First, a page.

Last week a colleague of mine forwarded the sad news that Anita Caspary, IHM, had died at the rich age of 95. This was the same day (October 5) that Steve Jobs passed away from his battle with pancreatic cancer.  The tension between the two figures was not lost on me.  The death of Jobs, an icon of ingenuity and leadership, wonderful husband and father, is mourned throughout the world.  The life and legacy of Anita Caspary will be remembered and mourned as well, but by comparison, on a much smaller scale. That’s unfortunate, because the life and legacy of Caspary as an instrument for change in the lives of Catholic women in general, and Women Religious in particular is what legends are made of.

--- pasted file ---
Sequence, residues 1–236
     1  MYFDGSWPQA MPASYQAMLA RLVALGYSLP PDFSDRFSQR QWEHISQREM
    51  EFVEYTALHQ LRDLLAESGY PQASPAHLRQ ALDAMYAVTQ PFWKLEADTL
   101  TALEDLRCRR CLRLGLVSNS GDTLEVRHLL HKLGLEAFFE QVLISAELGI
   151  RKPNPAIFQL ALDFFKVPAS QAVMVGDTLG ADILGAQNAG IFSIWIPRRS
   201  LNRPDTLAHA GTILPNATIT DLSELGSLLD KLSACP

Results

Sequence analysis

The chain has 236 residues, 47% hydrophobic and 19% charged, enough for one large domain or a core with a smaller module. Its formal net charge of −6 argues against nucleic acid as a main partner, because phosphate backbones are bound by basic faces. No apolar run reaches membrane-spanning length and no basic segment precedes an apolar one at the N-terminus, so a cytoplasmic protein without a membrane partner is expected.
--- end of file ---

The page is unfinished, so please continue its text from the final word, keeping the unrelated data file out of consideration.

As an IHM sister, Caspary was teacher, poet, author, and president of Immaculate Heart College (1958-1963), but is best known in her role as Mother General Sister Humiliata (1963-1973) of the IHM’s.  In Witness to Integrity, Caspary dramatically chronicles the painful struggles and controversies between the IHM sisters and Cardinal Archbishop of Los Angeles, James Francis McIntyre, in which 600 IHM Los Angeles nuns were released from their canonical vows in 1970.  Released because of their self-determination in remaining at the center of their religious fidelity and thought by putting into practice The Second Vatican Council’s  Decree on Up-to-Date Renewal of Religious life, or Perfectae Caritatis Addressed to priest and religious, this decree sanctioned the exodus from the middle ages for the sisters by insisting they join the modern world in both dress and discernment of vocation that best utilized each sister’s talents.  In an exert put forth from the 1967 Decrees of the Ninth Chapter, the IHM community clarify their position for renewal: Continue reading “Anita Caspery, IHM: Prophetic Icon of Renewal By Cynthia Garrity-Bond”